IT solutions are either utilized as a service or procured from third-party vendors by organizations of all types and sizes. This enables organizations to gain access to reliable IT technologies without having to internally build, operate, or manage the underlying systems.
As a result of this, both the organization and the solutions provider sign a service-level agreement (SLA), which commits the vendor to deliver services that meet the established performance requirements. Vendors are reprimanded if they fail to meet SLA requirements because it impacts the end-user experience of IT services and the overall business of the organization.
What is a Service-Level Agreement (SLA)?
A service-level agreement (SLA) is a written contract between a service provider and an organization that describes the level of service, including the metrics that will be used to measure, and in the event of a problem how long it will take to restore the service based on their category and priority.
If the vendor fails to comply with the agreed-upon service standards, generally there is a penalty that is levied on the vendor and if possible, the SLA is revised with improved service commitments and implemented with immediate effect. The vendor generally reviews the incident metrics and end-user complaints in-order to assess SLA compliance.
Even if SLA compliance does not explicitly contribute to the expected end-user experience, it enables the service desk team of the vendor to recognize elements for change. From a business standpoint, measuring SLA compliance assists in determining whether the SLA commitments are realistic or not.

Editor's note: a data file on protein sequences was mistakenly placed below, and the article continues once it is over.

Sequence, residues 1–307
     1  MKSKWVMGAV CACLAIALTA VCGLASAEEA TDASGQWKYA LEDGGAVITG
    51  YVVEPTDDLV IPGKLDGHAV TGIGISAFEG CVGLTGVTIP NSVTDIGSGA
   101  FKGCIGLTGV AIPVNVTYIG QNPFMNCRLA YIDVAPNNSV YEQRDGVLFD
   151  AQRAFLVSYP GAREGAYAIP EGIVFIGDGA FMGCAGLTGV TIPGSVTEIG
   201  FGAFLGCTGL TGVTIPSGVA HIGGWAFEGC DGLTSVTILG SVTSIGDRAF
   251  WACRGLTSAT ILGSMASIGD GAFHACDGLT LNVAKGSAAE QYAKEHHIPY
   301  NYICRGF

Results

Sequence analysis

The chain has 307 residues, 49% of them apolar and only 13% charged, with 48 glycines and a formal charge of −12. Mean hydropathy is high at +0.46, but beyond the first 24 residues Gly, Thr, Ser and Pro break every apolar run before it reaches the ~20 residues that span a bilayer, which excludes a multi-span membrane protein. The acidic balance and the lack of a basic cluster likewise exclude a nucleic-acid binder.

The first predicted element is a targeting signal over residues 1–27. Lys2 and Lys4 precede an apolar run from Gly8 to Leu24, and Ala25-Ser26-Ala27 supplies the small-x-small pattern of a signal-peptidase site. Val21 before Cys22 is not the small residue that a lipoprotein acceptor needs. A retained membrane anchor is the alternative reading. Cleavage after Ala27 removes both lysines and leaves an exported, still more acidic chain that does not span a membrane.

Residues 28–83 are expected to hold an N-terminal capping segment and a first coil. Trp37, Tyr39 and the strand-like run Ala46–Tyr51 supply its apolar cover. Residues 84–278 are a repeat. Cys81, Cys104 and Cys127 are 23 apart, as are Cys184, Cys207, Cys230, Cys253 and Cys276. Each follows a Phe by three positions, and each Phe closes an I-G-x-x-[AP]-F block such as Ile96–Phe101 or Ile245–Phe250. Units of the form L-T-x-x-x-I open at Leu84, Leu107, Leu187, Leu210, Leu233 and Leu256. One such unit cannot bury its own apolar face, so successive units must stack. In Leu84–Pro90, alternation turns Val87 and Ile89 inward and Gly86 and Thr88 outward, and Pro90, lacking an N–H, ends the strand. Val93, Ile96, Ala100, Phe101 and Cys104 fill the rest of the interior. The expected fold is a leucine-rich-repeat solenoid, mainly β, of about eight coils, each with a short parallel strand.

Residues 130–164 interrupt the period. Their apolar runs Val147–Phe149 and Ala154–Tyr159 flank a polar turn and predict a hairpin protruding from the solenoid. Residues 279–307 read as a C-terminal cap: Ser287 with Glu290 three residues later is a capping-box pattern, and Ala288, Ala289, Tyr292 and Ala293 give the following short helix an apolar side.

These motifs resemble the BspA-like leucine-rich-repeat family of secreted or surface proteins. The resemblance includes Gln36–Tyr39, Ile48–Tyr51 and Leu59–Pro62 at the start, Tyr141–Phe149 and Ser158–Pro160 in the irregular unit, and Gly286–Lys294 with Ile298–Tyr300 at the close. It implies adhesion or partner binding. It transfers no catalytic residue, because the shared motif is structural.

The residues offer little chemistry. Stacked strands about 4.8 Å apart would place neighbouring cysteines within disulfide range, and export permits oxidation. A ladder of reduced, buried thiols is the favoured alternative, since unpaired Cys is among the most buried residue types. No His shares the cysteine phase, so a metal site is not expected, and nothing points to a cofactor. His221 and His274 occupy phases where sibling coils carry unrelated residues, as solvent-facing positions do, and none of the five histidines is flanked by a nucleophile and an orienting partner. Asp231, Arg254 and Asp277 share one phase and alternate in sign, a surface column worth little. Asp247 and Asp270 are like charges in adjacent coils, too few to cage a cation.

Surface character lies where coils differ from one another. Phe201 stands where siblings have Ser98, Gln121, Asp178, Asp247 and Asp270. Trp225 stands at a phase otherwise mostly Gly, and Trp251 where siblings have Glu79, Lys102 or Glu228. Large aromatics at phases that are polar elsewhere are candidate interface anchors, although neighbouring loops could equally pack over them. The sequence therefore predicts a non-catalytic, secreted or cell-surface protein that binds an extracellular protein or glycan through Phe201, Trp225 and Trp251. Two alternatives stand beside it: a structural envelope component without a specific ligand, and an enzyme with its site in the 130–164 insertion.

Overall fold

What is SLA compliance ratio?
SLA compliance is a service desk metric that is used to determine the impact of an IT service on end-user experience. So how do you actually measure it?
That’s where the SLA compliance ratio, better known as the SLA success rate, comes into play! An SLA compliance ratio is the percentage of total service issues resolved within the agreed-upon SLA criteria and conditions like priority, cost, time, etc.
SLA compliance ratio =
No. of IT incidents resolved in line with SLA compliance / Total no. of IT incidents
All specifications and conditions related to resolving the relevant service issues must be taken into consideration to get a precise SLA compliance ratio and to get a true idea of performance accordance with the SLA agreement.
The SLA compliance ratio is one of the many metrics that service desk teams use to track their performance, but it comes with its own set of limitations.
To understand more about which other key metrics are measured by service desk teams, read our blog: 7 Important Service Desk Metrics to Measure
Limitations of the SLA compliance ratio
As mentioned earlier there are a couple of challenges in creating a comprehensive SLA compliance ratio.
To significantly contribute to the achievement of business goals, organizations should ensure that outlined SLA metrics are thoroughly aligned with the end-user experience and the IT service performance.